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My Life in Rugby: Former Saracens and Namibia flanker Jacques Burger

Jacques Burger

I WENT through some tough times starting off in my career, combining playing with a job I wasn’t passionate about, and I also struggled with depression.

Looking back though, those three years as a raw player at Griquas, on a low salary and with very little exposure, were really good for my rugby. I had to dig deep and work really hard to develop as a true professional. I think if everything happens too quickly or too easy for you, it’s not as sweet.

Things picked up for me when, one day, Danie Vermeulen (Namibia’s head coach) called me. I wasn’t in the mood to train, but I went along, in the worst shape of my life, and it was tough, proper old-school. For some reason I just kept going back and that period changed the journey of my life.

I had some good people around me who believed in me, but it was up to me to stop feeling sorry for myself and say, ‘Listen, if you want something, you have to go out and get it’. I just kept going forward and never stopped.

I got a contract with the Bulls and that was a great time from a development point of view, I learned a lot. But I just wasn’t getting the game time I felt I deserved. Aged 26 and in much better shape, I felt it was time to try something new and look at playing overseas.

My first thought was to go to Japan because I had an option there, and I could make some good money, but Ed Griffiths and Brendan Venter kept calling me.

The money on offer at Saracens was a lot less, but I’d worked with them before and they told me I had so much more to achieve, and I could achieve it with them.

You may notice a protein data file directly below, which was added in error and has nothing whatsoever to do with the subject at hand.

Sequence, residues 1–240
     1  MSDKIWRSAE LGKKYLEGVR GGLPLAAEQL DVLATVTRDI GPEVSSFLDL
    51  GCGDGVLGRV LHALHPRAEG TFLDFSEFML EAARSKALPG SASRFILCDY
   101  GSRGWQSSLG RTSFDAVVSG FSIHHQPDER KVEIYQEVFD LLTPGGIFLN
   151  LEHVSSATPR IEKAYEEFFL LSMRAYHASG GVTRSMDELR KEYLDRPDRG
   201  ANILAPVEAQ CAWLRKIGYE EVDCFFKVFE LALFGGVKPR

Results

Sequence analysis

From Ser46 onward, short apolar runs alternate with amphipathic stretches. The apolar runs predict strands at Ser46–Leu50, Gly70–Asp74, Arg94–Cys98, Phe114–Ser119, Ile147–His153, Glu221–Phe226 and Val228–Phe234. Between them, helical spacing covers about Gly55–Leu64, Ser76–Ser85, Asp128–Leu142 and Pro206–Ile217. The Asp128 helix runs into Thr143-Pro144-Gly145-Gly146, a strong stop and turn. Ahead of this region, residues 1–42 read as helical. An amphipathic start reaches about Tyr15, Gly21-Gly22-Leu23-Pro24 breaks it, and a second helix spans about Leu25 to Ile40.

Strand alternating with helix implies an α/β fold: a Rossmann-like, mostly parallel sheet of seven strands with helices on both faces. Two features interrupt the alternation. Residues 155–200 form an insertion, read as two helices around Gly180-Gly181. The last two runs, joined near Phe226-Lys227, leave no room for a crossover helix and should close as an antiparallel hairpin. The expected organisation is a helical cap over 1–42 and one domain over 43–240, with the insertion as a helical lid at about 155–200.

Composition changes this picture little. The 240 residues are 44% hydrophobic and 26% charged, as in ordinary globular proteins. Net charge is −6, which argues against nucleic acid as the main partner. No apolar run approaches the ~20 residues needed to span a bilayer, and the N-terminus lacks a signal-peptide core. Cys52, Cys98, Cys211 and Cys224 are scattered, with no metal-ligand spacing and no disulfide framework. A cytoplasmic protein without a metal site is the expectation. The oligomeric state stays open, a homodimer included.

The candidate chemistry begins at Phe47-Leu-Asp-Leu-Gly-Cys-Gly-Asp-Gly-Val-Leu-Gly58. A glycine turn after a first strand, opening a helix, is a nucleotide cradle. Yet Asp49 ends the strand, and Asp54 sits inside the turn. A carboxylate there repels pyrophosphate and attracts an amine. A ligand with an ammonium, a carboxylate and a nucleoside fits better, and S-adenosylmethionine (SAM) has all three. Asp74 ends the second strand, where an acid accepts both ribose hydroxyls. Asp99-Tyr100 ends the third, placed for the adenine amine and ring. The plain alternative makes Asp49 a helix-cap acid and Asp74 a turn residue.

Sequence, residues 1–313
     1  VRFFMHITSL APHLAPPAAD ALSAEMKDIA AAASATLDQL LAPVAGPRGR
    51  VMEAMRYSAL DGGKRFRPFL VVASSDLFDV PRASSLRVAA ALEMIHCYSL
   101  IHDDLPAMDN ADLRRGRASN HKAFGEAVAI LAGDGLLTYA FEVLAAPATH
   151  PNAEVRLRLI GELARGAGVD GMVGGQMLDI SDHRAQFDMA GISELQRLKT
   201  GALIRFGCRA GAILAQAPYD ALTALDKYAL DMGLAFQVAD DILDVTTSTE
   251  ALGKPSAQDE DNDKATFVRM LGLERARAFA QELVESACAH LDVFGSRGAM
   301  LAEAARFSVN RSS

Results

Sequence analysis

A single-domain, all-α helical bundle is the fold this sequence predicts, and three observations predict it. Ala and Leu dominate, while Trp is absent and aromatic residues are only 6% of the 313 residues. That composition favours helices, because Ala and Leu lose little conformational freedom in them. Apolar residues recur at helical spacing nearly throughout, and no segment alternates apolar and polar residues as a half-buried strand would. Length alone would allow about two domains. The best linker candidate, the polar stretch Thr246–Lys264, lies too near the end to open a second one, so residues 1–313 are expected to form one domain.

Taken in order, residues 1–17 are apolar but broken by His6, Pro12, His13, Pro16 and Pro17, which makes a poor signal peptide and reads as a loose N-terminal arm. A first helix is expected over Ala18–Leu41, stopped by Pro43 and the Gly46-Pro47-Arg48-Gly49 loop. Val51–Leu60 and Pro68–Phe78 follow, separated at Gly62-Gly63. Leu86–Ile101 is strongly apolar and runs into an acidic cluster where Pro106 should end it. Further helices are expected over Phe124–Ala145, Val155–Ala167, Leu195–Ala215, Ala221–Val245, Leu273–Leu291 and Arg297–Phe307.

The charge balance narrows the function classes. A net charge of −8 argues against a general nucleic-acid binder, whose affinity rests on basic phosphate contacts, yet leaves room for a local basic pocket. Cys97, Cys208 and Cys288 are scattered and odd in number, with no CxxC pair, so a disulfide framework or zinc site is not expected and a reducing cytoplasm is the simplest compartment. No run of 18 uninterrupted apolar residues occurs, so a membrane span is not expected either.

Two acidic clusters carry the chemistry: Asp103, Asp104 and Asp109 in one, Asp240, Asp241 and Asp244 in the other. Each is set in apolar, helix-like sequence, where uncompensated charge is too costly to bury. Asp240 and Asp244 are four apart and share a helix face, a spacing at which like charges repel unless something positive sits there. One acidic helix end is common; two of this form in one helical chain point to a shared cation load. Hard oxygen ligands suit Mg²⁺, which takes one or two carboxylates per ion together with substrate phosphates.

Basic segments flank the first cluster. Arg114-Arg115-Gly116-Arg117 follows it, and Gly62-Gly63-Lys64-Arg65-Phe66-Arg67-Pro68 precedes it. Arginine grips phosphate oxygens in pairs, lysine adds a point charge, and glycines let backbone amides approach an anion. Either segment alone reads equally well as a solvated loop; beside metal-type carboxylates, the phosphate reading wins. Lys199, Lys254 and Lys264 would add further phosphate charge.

I wanted to play against the best in the world and I felt that would be the case in the Premiership.

I decided to go to England and see what happened, and it turns out it was a really good life choice for me.

Jacques Burger
Shake and bake: Jacques Burger salutes the fans who had travelled to support their team against Clermont Auvergne in 2015. Getty Images

My time at Saracens was extremely special. It was the club where I found my feet, it felt like my place, where I should be.

There were a few of us that came over from South Africa, all relatively unknown and hungry to succeed, happy to have a second chance. The club was so good to us, and that is part of why we were successful, we wanted to repay them for what they had done for us.

To get to the Premiership final in 2009/10 was a great achievement but to lose it, to Leicester, in the final minute was so disappointing. The next year we played them again, and once again it came down to the end. We defended for 10 minutes on our goal-line, four points up, and this time we held on. That was so special.

When I was with the Bulls, we won the Super Rugby title and the Currie Cup, but I wasn’t really involved that much. At Saracens, I felt like a key player; that year I was nominated as Players’ Player of the Year. It was an incredible season. We had massive belief – we knew that even if we were 20 points down, we could get back into a game. It wasn’t arrogance, we just believed in the system, the coaches and everyone around us, we knew it was the right thing to do to be successful, and we were.

In 2012 I suffered a serious knee injury – a high tibial osteotomy – that a lot of people thought I wouldn’t get back from. I was out for more than two years. It was tough getting back and the last three seasons were very painful, I had my metal plates and screws in my kit bag to remind me that I’d come through hell and to go out and have fun and take every game as a bonus.

England has done so much for me and my family. I am extremely proud to have played there, and to stand out there and captain my country in England, at the 2015 World Cup – my third tournament – was very, very special. Namibia hasn’t reached its potential yet as a rugby nation; I am hoping we can get there in the near future.

– as told to Jon Newcombe

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